Back to the Table of Contents


FINDINGS

Overall, the report indicated that environmental interventions (measures to improve health by changing the surrounding conditions or influences) appear to have the potential to reduce college binge drinking at relatively low cost.

The literature indicates that interventions to reduce college-age drinking that were aimed at changing individual beliefs, knowledge, attitudes, and behaviors — in conjunction with environmental interventions — can reduce drinking. However, no intervention that was the subject of more than one study produced reductions in college student drinking in each study.

Limitations of these studies included reliance on self-reported data and convenience samples that are unlikely to be representative of the college population; in some studies, a lack of random assignment of students to different interventions; and lack of process measures to assess implementation of interventions, comparison areas in environmental interventions, exploration of how college students get alcohol, and data on drinking among minority populations.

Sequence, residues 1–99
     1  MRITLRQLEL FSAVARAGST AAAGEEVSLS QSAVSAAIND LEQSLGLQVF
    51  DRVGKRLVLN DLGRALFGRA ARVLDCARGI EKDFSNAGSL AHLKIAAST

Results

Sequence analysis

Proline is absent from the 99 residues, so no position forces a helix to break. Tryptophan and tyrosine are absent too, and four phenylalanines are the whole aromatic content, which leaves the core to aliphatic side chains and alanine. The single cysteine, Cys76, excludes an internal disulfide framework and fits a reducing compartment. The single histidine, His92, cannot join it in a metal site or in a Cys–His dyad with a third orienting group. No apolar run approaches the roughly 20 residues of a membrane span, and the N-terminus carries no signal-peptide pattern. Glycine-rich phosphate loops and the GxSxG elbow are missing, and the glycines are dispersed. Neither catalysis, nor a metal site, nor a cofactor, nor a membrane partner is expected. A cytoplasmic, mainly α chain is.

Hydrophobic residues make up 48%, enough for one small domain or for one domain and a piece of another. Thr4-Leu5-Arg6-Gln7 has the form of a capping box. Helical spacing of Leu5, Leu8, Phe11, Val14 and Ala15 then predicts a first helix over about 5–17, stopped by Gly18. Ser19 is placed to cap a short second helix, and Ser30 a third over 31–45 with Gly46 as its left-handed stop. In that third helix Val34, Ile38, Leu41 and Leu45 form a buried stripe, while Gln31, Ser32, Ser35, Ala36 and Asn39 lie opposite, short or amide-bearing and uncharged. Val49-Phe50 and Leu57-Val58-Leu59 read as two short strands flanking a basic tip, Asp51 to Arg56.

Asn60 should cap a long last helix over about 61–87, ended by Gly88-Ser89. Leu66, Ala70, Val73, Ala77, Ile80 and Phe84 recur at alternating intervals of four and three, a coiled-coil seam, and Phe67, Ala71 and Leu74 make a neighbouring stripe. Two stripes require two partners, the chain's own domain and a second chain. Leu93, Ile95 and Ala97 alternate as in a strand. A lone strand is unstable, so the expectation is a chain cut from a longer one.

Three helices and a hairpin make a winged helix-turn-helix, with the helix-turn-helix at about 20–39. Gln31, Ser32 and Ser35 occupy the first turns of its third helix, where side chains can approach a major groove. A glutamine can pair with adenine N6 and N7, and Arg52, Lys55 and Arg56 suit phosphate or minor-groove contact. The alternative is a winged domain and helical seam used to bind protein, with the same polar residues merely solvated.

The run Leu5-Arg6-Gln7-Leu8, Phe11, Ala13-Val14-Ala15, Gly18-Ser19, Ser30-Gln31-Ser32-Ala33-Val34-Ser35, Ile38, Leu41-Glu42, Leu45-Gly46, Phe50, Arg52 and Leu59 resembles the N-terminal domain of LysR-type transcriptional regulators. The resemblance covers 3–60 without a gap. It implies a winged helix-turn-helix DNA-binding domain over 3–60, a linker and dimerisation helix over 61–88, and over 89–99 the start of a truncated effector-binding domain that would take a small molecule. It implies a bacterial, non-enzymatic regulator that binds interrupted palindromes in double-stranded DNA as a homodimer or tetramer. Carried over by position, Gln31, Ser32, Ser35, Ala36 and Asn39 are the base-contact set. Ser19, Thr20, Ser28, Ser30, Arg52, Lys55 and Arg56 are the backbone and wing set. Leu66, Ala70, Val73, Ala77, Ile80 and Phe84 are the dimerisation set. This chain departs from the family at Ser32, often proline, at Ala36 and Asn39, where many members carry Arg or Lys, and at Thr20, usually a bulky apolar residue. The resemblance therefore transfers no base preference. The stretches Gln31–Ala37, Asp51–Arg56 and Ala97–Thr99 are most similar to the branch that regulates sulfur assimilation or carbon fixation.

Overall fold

The types of programs studied included:

  • Individually oriented prevention education: Twenty-four programs attempted to change individual knowledge, attitudes, drinking, or drinking-related problems. Ten studies of those 24 programs identified specific interventions that produced significant reduction in drinking or drinking problems. Fourteen interventions resulted in drinking declines.
  • Treatment: Three studies explored treatment programs for college problem drinkers. Two studies reported reductions in drinking, but both had serious methodological weaknesses.